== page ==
ModemsWherein the Lack of Speed Kills

Modems”Wherein the Lack of Speed Kills

There are ways to connect to the Internet without a modem, which you'll discover more fully in Chapter 3, "Getting Connected to the Internet." But odds are that you will start out with a modem and phone line for your Internet connection, so you must consider the capabilities of your modem in choosing or upgrading your computer for Internet access.


A modem is a device that enables two computers to communicate with one another through phone lines. Using a modem (installed inside, or connected to, your computer), you can communicate through a regular phone line with the modem at your Internet provider. That's the main way (although not the only way) you connect to the Net. Other, newer options include cable Internet.


If you will use one of the new, high-speed "broadband" Internet connections, such as DSL or cable Internet, you will not need a traditional modem; each of these technologies requires a special communications interface (see Chapter 3). However, nearly all new PCs include a fax/modem, and even if you use broadband for Internet, you may want the modem, too, for such activities as PC faxing.

It doesn't really matter what brand of modem you buy, or whether it's an internal modem (plugged inside your computer's case), an external one (outside the computer, connected to it by a cable), or even one on a PC card inserted in a notebook PC. What does matter is the modem's rated speed. That speed is usually expressed in kilobits per second (kbps, often further abbreviated to simply "K").

The higher the number of kbps (or K), the faster the modem. And the faster your modem is, the more quickly Web pages will appear on your screen, which makes Web surfing more fun and productive. A number of other Internet activities” especially such things that involve audio or video”will also run more quickly and smoothly over a faster modem.


On some modem packages, you might see the speed expressed in bits per second (bps). For example, a 56K modem may also be described as a 56,000 bps modem, though 56K is the more common usage.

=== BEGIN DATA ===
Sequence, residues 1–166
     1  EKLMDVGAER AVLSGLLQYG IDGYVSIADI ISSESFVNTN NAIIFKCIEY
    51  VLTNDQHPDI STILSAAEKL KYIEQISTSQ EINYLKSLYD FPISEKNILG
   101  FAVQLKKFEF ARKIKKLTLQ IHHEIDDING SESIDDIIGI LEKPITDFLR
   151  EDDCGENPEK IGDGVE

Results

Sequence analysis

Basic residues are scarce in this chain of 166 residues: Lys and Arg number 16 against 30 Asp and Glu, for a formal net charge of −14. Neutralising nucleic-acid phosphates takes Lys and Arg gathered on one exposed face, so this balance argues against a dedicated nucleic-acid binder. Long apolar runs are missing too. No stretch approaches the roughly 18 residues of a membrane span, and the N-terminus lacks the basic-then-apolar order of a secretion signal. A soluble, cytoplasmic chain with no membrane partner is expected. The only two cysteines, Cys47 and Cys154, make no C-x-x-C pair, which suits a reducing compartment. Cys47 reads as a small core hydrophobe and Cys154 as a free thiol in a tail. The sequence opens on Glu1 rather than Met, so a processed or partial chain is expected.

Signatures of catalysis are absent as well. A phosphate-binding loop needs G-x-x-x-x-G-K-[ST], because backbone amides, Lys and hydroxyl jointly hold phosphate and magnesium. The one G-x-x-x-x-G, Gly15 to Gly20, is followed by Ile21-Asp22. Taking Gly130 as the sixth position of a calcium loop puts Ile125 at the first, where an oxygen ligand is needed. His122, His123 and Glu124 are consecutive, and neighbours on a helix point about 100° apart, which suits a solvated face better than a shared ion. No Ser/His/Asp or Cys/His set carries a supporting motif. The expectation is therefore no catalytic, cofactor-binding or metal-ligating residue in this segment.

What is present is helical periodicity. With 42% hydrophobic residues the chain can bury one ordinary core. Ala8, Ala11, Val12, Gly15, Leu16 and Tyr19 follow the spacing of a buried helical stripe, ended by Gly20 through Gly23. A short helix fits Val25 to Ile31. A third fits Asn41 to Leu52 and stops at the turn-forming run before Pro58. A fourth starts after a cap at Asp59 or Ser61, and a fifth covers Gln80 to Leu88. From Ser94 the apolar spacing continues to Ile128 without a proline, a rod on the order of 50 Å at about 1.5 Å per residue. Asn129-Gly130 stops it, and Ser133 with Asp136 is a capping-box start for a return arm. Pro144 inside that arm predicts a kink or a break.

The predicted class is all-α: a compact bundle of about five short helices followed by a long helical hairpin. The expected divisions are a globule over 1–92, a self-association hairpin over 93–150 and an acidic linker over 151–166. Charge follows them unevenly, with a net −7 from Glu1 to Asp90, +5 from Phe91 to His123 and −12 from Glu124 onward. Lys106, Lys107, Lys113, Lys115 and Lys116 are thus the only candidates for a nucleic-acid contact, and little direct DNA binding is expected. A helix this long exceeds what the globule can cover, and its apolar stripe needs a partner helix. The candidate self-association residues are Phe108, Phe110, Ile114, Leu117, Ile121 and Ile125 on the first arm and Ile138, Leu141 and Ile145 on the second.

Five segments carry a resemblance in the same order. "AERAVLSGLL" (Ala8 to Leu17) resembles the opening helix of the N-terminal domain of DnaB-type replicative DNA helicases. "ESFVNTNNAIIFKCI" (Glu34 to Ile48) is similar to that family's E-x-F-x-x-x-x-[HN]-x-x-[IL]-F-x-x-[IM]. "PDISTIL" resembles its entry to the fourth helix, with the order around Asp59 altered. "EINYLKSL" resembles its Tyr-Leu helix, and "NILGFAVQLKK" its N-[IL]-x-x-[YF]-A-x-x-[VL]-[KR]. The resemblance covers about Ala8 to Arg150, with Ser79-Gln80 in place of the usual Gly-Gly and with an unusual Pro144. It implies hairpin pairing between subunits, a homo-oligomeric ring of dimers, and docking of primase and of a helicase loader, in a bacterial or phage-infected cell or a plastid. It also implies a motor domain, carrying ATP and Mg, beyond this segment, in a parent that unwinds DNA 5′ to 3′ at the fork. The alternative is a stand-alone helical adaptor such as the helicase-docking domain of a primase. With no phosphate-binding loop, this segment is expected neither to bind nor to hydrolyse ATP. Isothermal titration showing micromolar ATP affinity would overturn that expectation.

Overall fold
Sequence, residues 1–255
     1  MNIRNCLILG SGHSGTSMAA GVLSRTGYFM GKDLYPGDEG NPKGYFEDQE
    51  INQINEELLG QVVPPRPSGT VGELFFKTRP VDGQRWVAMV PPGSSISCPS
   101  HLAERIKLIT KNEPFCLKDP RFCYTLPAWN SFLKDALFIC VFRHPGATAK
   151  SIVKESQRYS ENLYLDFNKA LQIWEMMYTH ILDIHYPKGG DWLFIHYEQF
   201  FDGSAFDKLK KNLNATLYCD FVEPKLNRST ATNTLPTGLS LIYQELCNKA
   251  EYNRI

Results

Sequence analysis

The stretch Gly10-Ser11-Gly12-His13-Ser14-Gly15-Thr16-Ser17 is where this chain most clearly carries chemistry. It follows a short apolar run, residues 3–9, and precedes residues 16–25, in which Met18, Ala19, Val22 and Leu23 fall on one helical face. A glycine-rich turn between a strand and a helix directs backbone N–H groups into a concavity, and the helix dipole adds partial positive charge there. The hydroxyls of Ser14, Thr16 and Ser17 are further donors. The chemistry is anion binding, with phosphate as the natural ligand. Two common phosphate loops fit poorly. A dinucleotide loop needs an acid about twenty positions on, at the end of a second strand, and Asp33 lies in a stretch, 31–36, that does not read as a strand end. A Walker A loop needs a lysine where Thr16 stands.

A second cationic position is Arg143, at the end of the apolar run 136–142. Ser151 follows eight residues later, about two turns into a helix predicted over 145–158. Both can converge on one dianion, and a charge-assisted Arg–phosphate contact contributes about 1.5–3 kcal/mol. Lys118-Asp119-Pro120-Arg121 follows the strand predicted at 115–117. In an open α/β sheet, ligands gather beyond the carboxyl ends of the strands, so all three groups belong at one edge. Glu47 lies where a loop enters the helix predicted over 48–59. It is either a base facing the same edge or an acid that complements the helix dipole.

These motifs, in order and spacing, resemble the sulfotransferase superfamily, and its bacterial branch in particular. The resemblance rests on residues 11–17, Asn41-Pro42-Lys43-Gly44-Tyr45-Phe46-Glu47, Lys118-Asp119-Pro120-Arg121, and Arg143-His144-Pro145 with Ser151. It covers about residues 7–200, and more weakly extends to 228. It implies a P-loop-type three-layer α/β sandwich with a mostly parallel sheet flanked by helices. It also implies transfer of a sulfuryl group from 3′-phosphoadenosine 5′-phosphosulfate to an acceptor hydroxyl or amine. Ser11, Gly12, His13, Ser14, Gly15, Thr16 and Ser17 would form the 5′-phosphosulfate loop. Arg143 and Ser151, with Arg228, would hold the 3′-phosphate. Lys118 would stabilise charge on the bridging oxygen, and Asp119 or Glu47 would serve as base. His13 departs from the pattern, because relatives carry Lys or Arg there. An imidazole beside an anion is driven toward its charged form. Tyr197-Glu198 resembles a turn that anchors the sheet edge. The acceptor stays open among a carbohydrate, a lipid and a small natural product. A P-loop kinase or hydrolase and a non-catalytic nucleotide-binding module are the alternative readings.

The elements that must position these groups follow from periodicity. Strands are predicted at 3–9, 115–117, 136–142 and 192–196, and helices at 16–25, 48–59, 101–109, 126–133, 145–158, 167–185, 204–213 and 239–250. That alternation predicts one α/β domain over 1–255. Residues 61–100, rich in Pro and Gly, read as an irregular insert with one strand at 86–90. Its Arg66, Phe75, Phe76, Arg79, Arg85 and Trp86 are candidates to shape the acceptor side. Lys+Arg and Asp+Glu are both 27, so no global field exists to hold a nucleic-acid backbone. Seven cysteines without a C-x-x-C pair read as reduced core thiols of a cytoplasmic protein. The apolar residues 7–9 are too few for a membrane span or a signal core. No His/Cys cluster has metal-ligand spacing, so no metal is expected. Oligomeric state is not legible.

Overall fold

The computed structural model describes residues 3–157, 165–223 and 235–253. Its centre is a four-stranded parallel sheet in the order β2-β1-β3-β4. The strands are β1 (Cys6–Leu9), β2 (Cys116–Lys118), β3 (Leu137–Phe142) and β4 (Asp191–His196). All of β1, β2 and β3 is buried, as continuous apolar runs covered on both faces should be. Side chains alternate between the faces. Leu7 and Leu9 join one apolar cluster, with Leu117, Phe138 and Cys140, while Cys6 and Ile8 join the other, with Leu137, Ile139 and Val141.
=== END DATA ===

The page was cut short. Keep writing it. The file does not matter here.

Most modems for use with regular telephone lines are rated at one of the following speeds:

  • 28,800 bps (28.8K)

  • 33,600 bps (33.6K)

  • 56,000 bps (56K)

The minimum modem speed for Internet cruising (including Web browsing) is 28.8K, although at that speed, you'll be very frustrated by the length of time it takes pages to appear. Most experts deem a 28.8K connection unacceptably slow. Modems rated at 56K are affordable (almost all new PCs and Macs come equipped with a 56K modem), and almost always your best option.


A 56K modem is capable of sending data at 56K, but almost never does. Noise in the phone line and other limiting factors keep actual speed down to around 53K or even lower. No matter”that's still a whole lot snappier than what you'll see through a 33.6K or 28.8K modem.

And under current telecommunications law, 56K modems can only send information to the Internet at 56K; they receive information at a maximum rate of 53K, even on the clearest line.

It's important to keep in mind that a faster modem does not always deliver vastly superior performance. A number of factors”such as the reliability and noise level in your phone line, the speed supported by your Internet provider, and the responsiveness of the servers you contact”can cause 33.6K and 56K modems to perform no better than a 28.8K modem much of the time. In some areas, the equipment installed by the local phone company might not even support Internet connections any faster than 28K or so. Using a 33.6K modem or 56K modem through these lines won't hurt anything, but the performance you'll see will not be any better than what you'd get through a 28.8K modem. (Little by little, local phone companies are upgrading their lines to support faster access.)

Finally, although it's the most important factor, connection speed is not the only thing that governs the apparent speed with which things spring onto your screen. If it takes your computer a long time to process and display the information it receives through the Net, you'll see some delays that have nothing to do with the speed of your modem or phone lines or Internet provider. A fast computer is almost as important as a fast modem”it's a team effort.

Sams Teach Yourself Internet and Web Basics All in One
Sams Teach Yourself Internet and Web Basics All in One
ISBN: 0672325330
EAN: 2147483647
Year: 2003
Pages: 350
Authors: Ned Snell © 2008-2017.
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